Connect the display or display adapter to your Netduino Plus (only 3 wires required)
- Vin or Vcc from the 4D device to 5V of the Netduino Plus board
- GND from the 4D device to GND of the Netduino Plus board
- Rx from the 4D device to Digital 3 pin of the Netduino Plus board
- Connect the Netduino Plus to Ethernet port in your router/network
- If you are using VGA adapter card, connect the screen to the 4D adapter
- Connect the power supply to your Netduino Plus
Enjoy the weather
Step 4: Are You Using Celsius or Fahrenheit?
- Edit the 4GL display program file and change the function ShowCelsiusSymbol and change putstr("C"); to putstr("F");
- Change the thresholds of temperatures for Hot and Cold indicators (TEMP_THHOT and TEMP_THCOLD constants) to what you think is good for you (89 and 68 are the equivalents of my current Celsius settings).
- Edit the WeatherUnderground.cs file and change the lines picking up the Celsius temperatures to Fahrenheit one (temp_c to temp_f etc.).:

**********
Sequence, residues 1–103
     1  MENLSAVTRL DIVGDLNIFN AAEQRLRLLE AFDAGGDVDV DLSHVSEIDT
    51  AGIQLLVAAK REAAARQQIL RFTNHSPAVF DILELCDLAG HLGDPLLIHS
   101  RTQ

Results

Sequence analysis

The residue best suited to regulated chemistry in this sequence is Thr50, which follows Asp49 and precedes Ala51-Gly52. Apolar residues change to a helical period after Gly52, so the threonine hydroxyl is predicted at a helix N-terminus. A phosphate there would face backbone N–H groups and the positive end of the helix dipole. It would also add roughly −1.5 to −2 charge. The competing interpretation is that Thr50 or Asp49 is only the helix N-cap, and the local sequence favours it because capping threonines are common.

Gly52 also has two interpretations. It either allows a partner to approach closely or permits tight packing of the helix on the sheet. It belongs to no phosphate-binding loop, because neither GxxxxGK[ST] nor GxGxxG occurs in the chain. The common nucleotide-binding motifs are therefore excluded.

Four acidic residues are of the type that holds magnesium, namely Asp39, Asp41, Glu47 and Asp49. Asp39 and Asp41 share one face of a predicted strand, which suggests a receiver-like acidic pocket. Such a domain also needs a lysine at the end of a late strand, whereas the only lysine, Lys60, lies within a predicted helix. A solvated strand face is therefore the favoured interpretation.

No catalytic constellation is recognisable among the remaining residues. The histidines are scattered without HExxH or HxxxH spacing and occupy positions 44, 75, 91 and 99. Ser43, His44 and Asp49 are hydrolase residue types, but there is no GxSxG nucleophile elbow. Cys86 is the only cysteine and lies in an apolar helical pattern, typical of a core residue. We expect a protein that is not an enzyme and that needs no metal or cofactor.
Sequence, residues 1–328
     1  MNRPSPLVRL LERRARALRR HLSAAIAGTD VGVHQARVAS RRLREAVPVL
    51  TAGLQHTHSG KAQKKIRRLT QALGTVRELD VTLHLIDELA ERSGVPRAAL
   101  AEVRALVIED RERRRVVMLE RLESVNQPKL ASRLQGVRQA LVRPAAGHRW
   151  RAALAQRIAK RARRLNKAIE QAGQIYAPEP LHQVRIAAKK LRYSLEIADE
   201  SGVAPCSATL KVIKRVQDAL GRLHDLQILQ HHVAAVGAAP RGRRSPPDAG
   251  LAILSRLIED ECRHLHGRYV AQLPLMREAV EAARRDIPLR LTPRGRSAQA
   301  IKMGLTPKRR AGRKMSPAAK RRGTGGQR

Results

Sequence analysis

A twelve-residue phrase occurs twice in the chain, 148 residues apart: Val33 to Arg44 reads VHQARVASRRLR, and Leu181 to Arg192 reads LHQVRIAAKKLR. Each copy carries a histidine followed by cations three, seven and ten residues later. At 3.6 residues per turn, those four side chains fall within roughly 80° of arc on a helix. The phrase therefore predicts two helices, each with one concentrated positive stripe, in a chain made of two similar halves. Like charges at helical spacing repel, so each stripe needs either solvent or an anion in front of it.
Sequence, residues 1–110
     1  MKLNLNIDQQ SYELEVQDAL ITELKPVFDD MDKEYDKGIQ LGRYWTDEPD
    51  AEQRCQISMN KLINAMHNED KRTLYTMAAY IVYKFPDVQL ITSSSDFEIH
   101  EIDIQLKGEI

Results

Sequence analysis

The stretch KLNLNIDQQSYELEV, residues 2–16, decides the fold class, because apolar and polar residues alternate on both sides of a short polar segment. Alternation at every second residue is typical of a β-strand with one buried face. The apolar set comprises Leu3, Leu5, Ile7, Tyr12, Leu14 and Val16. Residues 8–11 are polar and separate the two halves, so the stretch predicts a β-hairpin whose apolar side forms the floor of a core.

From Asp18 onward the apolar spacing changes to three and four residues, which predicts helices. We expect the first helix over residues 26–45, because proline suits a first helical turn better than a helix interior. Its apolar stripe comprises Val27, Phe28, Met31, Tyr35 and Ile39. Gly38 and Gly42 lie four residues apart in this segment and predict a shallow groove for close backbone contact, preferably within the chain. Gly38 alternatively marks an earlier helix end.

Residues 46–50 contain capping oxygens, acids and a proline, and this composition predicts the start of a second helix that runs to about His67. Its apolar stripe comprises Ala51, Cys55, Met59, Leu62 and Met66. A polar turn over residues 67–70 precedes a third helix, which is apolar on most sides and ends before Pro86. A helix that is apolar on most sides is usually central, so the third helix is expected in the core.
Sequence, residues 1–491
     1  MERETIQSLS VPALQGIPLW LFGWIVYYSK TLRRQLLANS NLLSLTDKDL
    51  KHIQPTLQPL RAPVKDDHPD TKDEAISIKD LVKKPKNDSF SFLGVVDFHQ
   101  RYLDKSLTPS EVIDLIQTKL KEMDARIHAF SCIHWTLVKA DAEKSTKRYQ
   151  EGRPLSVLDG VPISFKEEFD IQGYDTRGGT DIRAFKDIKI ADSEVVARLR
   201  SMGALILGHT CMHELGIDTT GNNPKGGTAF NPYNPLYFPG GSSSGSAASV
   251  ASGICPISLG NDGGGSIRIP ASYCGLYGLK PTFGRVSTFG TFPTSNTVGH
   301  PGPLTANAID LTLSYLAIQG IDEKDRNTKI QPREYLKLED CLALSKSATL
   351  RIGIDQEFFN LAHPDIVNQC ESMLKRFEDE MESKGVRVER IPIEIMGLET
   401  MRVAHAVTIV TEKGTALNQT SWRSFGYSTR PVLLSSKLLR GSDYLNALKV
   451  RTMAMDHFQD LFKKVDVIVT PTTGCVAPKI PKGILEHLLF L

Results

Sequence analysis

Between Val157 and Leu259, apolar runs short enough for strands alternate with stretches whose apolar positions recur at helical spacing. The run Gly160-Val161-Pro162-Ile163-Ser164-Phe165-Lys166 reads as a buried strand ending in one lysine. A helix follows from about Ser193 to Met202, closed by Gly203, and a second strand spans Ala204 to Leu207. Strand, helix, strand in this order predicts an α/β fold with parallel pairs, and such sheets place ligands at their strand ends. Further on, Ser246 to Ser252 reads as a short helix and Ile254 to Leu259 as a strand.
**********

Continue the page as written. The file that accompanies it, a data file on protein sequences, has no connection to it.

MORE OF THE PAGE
- You might also want to change the wind information to fetch Miles per Hour rather than Kilometer per Hour one
- Compile and load the programs to the devices
Step 5: How Does This Work?
Steps of operation:
- Netduino-Plus first leases and IP address from your DHCP server
- Netduino-Plus goes to internet service http://www.geobytes.com/ to find out where in the world it is located. The output from this service includes city, country etc. but what we take from it is the longitude and latitude.
- Netduino-Plus goes to internet service http://www.askgeo.com/ to find out what is the current offset of your location from UTC. This way we know not only your time zone but also daylight savings.
- Netduino-Plus goes to NTP service on the internet to get accurate atomic time and sets the Netduino-Plus internal clock for this time together with the offset we found out earlier.
- Netduino-Plus goes to Weather Underground service http://www.wunderground.com/ to fetch current and forecast weather information.
- Netduino-Plus sends the weather data and clock to the 4D device over serial (UART) interface using simple protocol which I will skip the description of here. It is in the code.
- Time from NTP is synchronized every 300 minutes (6 hours) which I found to be sufficiently accurate.